For example, a Shih Tzu that is entirely red like an Irish Setter but has a brown or liver-colored nose would actually be registered as a liver Shih Tzu and not a red.
It would be much more likely that a Shih Tzu with a black nose and skin points would be considered a red Shih Tzu.
Shih Tzus can have quite a wide variety of shades of red as well, often looking almost orange, rust, or deep auburn in color.
It is not at all common to see an entirely silver Shih Tzu. However, there are quite a few with silver and white or black, gold, and silver that make up their coat colors.
Silver can sometimes be confused for gray but will often have a bit of a shine to it that distinguishes it from gray colors.
Black and White
Black and white is undoubtedly one of the most common combinations of colors on a Shih Tzu. Interestingly, black and white Shih Tzus are not considered to be two-colored dogs.
Instead, they are considered to be black dogs with white markings. This rule of thumb still holds true whether the dog is 30% black and 70% white or 50% black and 50% white.
The gene responsible for the white markings is known as the S locus or the spotting gene. The S locus can result in various spots or markings of white or more widely spread patterns of white.
Additionally, Shih Tzus’ colors can change as they grow up. So if a puppy is born with a small fleck of white on its black chest, it is possible that the puppy will mature into a dog with an entirely white chest.
Double-colored Shih Tzus can be a wide variety of two primary hues. In most cases, though, double-colored Shih Tzus will usually have white as one of their colors.
Some of the most common combinations seen in double-colored Shih Tzus are gold and white, red and white, liver and white, and silver and white.
Similarly, triple-color Shih Tzus can come in a wide variety of three primary hues.
Much like the double-colored Shih Tzus, triple-colored Shih Tzus will likely have white as one of their primary colors, but there are cases where white is not present.
A few examples of triple color combinations include silver, gold, and white, along with black, gold, and white.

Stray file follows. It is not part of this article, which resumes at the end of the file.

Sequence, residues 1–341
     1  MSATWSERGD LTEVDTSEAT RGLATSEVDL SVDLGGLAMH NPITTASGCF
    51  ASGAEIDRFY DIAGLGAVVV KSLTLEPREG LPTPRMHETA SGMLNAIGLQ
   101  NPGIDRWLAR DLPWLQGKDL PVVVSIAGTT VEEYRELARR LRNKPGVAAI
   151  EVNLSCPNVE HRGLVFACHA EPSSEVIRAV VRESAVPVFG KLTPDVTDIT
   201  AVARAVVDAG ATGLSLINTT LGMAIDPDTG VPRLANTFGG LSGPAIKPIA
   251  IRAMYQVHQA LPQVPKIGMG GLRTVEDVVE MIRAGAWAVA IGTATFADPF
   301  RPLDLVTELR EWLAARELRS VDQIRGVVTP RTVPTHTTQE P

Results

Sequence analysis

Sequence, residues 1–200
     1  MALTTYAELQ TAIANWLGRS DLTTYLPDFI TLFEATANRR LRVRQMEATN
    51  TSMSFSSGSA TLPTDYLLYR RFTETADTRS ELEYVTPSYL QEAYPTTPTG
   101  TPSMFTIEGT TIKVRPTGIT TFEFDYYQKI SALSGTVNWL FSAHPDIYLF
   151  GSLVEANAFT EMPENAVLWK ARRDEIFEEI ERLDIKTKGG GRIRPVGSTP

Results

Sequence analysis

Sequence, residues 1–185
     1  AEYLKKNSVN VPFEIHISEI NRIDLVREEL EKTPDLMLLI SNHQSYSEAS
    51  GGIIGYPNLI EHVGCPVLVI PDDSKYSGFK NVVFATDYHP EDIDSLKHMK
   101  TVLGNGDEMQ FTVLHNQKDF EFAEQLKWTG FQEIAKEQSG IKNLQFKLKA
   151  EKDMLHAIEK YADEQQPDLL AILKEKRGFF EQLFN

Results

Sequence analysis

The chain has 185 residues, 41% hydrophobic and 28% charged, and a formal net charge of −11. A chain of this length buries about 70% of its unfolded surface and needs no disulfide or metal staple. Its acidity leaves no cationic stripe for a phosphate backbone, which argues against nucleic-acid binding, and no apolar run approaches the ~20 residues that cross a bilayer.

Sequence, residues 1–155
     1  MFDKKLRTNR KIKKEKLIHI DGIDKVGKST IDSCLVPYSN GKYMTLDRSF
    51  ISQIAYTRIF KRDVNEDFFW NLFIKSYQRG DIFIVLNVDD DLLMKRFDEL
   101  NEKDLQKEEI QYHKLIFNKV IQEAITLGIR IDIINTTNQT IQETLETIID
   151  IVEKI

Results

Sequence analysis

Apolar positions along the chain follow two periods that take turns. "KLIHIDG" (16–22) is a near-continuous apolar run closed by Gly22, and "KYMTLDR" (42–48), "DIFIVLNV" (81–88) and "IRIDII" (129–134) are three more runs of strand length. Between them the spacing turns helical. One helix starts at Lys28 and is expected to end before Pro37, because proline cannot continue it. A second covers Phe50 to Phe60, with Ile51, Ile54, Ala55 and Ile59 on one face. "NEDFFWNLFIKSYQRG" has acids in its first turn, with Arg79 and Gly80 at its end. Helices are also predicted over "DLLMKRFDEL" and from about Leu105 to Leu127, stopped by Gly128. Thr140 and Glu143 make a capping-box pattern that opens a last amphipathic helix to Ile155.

Another combination is black, white, and silver. And as mentioned earlier, a combination without white exists in the combination of black, gold, and silver.
Most Rare Shih Tzu Colors
While we already mentioned the rarity of the white Shih Tzu, one of the most rare Shih Tzus of all is the all-black Shih Tzu.
While some do exist, it is far more likely that a black Shih Tzu will have some sort of white patch on its coat. This could be on its face or even on its belly.
In fact, a Shih Tzu that is entirely one color is quite rare, no matter what the color is. These dogs usually have some sort of combination of colors or at least a marking or two of another color that disqualifies them from being considered to be a solid-colored Shih Tzu.
Another rare color for Shih Tzus is the lavender or Isabella color. Most people associate this color with the Weimaraner breed, but some other breeds do carry it.
Where the blue Shih Tzus genes dilute any black pigment, the lavender or Isabella Shih Tzu’s genes dilute any brown pigments.
This often gives their coat a lilac or lavender hue and can even result in amber or hazel eyes instead of brown.
Shih Tzu Colors Recognized by AKC?
The American Kennel Club released a detailed list of colors they associate with Shih Tzu dogs.
|Black & White||Yes|
|Black White & Silver|
|Blue & White||Yes|
|Brindle & White||Yes|
|Gold & White||Yes|
|Liver & White||Yes|
|Red & White||Yes|
|Silver & White||Yes|
|Silver Gold & White|
|Black Gold & Silver|
|Black Gold & White|
Do Shih Tzus Change Color?
Shih Tzus are born with a soft fluff coat, which they typically shed between six and twelve months of age as their mature coat develops.
During this transition, their coat color may also change, either darkening or lightening, based on their genetic makeup.
The change in color can make it difficult to correctly identify a Shih Tzu’s true color at birth, resulting in incorrect registration.
Make sure to only bathe your Shih Tzu with a specific shampoo formulated for Shih Tzus, as the wrong shampoo can lighten or fade their coat.
FAQs About Shih Tzu Colors
The Shih Tzu was originated from Tibet more than 1,000 years ago.
The American Kennel Club (AKC) recognizes 19 different colors and color combinations for Shih Tzus, including black, blue, brindle, gold, liver, red, silver, and white. AKC also recognizes different patterns such as solid, parti-color, and brindle.
The most rare Shih Tzu color is an all-black Shih Tzu.
It is normal for Shih Tzus’ black coat to turn grey as they age, which can be due to a decrease in melanin production, genetics, or health issues.
Your Shih Tzu’s fur may turn red due to allergies, their diet, or the water they drink.
Wrap-Up: Shih Tzu Colors
The breed standard for Shih Tzu allows for any colors, patterns, markings, or combinations of colors.
Some colors and patterns are more common than others, but every Shih Tzu is entirely unique! But no matter the colors or patterns of their coats, the Shih Tzu remains a playful and affectionate breed of dog that is adored all over the world.